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As The Keystone Pipeline Inches Closer, Look At The Destructive Legacy Of Tar Sands Oil

A bird’s-eye view of the post-apocalyptic landscape that we’ve already created.

By a single vote, the U.S. Senate failed to fast-track the approval of the controversial Keystone XL pipeline last week, which would carry Canadian tar sands oil straight across the nation to the Gulf of Mexico. Lawmakers are expected to approve it in January, however, and President Obama may or may not let it squeak through.

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A new photo series traces the path of the proposed pipeline, from the tar sands in Alberta to massive refineries in Texas. The photos make something clear: With or without the pipeline, huge amounts of tar sands oil are already being extracted and flowing into the U.S. Over the last four years, the amount of Canadian crude sent to Texas has increased by 83%.

Photographer Alex MacLean first flew over Alberta last winter, taking shots of a post-apocalyptic landscape that are hard to capture from the ground.

Meandering Channel of Wastewater, Suncor Mine, Alberta, Canada

Strip mines cover an area of forest seven times larger than Manhattan. Since most of the tar sands are buried deep underground, and the molasses-like bitumen is too thick to extract on its own, the oil companies have also built enormous boilers to liquefy the sludge.

“Looking at the pictures of the huge furnaces they have to use in the wells, you can see how much energy this takes to extract,” says MacLean. “If you’re driving around with this fuel, it’s 17% to 20% more carbon intense than regular gas.”

MacLean returned to the oil fields again last summer with journalist Daniel Grossman (with funding from the Pulitzer Center on Crisis Reporting and Indiegogo), and then traveled on to refineries in the Midwest and the Gulf Coast that are already processing tar sands oil.

The Alberta Clipper line ships 450,000 barrels of oil to Wisconsin every day. One branch splits off to Detroit, where a refinery burst pipe caused a three-day long oil spill in a river in 2010.

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Steam and smoke rise from upgrading facility at Syncrude Mildred Lake Mine, Alberta, Canada

“That was a billion-dollar cleanup,” says MacLean. “It was totally overshadowed–they call it the oil spill no one ever heard of, because it happened almost simultaneously with the BP spill in the Gulf.”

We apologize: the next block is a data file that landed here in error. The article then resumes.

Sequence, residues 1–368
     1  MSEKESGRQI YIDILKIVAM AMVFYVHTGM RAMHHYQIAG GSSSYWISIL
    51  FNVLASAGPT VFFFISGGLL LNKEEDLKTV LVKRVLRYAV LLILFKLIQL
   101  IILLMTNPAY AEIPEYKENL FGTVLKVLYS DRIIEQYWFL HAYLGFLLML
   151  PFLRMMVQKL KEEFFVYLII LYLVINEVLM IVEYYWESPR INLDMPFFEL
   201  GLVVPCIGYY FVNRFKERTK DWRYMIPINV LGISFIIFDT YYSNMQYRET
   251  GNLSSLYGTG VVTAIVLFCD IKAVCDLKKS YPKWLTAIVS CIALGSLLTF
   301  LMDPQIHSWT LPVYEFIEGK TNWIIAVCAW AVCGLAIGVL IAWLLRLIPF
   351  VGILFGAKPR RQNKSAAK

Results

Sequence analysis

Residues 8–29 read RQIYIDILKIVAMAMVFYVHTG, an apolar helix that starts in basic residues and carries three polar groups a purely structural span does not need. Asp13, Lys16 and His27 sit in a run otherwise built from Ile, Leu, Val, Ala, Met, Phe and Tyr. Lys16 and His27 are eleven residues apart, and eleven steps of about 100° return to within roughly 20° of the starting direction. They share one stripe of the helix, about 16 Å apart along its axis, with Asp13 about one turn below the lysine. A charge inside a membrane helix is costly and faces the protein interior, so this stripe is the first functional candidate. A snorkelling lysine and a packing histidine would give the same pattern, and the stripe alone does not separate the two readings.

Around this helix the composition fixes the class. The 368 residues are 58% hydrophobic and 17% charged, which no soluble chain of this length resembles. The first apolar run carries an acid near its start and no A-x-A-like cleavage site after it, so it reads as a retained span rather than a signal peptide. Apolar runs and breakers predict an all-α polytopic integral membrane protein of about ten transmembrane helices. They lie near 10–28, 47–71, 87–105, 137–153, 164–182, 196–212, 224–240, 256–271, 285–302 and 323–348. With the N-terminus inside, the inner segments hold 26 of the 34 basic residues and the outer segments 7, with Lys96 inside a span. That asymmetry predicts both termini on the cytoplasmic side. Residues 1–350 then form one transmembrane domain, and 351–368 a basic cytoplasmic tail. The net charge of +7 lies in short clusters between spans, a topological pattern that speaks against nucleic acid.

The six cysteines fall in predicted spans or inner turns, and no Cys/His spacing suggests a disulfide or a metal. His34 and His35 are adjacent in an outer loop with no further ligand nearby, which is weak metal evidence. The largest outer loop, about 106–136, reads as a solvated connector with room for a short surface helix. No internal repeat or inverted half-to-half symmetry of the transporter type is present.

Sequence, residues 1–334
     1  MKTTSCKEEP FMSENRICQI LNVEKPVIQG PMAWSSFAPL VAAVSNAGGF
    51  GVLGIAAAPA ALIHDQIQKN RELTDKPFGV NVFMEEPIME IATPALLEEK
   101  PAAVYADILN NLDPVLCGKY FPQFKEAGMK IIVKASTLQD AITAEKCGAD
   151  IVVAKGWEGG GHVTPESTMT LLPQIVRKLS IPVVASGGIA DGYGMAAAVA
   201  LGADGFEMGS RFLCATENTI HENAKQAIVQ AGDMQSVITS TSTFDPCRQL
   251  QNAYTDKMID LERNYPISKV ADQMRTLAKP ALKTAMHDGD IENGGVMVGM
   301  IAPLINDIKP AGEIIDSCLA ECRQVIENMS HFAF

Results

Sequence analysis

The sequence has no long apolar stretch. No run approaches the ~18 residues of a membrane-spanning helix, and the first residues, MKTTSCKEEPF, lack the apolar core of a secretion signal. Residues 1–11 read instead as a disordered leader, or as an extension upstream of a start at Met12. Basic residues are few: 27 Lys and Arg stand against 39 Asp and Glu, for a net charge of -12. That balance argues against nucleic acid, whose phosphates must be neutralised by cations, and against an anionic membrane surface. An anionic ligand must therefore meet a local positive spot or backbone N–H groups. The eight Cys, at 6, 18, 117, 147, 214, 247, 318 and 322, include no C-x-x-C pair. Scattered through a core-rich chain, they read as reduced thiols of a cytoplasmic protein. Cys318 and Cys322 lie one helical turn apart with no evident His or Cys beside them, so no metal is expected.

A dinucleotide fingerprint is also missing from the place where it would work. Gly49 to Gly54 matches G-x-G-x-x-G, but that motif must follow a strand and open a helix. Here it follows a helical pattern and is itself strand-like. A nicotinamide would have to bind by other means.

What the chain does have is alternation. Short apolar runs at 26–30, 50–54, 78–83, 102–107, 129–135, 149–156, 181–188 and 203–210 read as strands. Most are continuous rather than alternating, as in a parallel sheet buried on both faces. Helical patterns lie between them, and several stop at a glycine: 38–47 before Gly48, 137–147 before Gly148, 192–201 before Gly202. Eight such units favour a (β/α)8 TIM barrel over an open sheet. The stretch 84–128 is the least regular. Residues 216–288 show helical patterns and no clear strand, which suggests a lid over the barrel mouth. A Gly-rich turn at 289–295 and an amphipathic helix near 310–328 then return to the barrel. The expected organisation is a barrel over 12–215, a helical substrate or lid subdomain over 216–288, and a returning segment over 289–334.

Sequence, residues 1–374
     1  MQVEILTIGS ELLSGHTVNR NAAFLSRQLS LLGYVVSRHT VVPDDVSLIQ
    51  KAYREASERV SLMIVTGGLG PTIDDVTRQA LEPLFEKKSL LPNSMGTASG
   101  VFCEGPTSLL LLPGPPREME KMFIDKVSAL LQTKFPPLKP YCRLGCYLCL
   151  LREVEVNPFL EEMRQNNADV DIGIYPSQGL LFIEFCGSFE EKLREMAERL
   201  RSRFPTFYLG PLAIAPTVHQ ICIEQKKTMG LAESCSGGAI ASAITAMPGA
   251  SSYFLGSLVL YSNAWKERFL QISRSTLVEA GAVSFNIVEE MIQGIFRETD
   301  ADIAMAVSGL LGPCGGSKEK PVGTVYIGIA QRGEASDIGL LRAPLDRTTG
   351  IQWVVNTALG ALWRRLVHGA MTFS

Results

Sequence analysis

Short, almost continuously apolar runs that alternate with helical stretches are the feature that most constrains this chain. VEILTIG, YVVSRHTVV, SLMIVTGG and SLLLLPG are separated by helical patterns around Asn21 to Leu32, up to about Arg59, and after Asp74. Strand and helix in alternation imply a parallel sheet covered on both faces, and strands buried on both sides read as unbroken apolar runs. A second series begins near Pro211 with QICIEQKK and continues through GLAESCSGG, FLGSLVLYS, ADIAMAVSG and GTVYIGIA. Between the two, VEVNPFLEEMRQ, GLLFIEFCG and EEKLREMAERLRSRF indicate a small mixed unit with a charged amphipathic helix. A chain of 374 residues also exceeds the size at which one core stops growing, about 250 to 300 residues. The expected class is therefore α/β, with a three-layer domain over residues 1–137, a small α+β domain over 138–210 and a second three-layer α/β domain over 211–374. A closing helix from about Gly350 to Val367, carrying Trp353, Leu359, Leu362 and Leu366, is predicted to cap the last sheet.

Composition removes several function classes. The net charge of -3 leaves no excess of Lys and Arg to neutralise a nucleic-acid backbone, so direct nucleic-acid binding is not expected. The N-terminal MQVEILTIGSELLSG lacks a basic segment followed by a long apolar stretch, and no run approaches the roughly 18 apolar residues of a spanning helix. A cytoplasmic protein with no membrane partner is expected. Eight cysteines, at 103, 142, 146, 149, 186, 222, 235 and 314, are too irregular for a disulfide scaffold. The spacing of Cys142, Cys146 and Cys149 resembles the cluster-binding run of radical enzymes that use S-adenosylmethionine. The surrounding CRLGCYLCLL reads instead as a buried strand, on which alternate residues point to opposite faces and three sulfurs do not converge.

Enbridge, the company responsible for that spill, managed to avoid a lengthy approval process to increase its capacity; by next year, it expects to ship 800,000 barrels of oil per day. Unlike the well-publicized Keystone project, it didn’t need a new permit, but instead connected two parallel pipelines running along the border. MacLean’s photos show new lines under construction.

In the Gulf, the photos show the refineries that Keystone may eventually connect to Alberta.

“The size of the capital investment is just staggering–hundreds of billions of dollars of refining infrastructure along the coast,” MacLean says. “It’s just incredible amounts of money. You realize that the pipeline, which is around $4 billion, is just small change in the scheme of things. They can spend hundreds of millions of dollars lobbying to get the pipeline through.”

MacLean hopes the photos help us better understand the impact of a possible approval.

“I think if we’re really going to seriously mitigate climate change, we really need to start now and not put in infrastructure that’s going to last 30 years,” he says. “We’d be saddled with these type of investments, when we’d be better off putting both our know-how and our money towards more sustainable resources.”

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About the author

Adele Peters is a staff writer at Fast Company who focuses on solutions to some of the world's largest problems, from climate change to homelessness. Previously, she worked with GOOD, BioLite, and the Sustainable Products and Solutions program at UC Berkeley.

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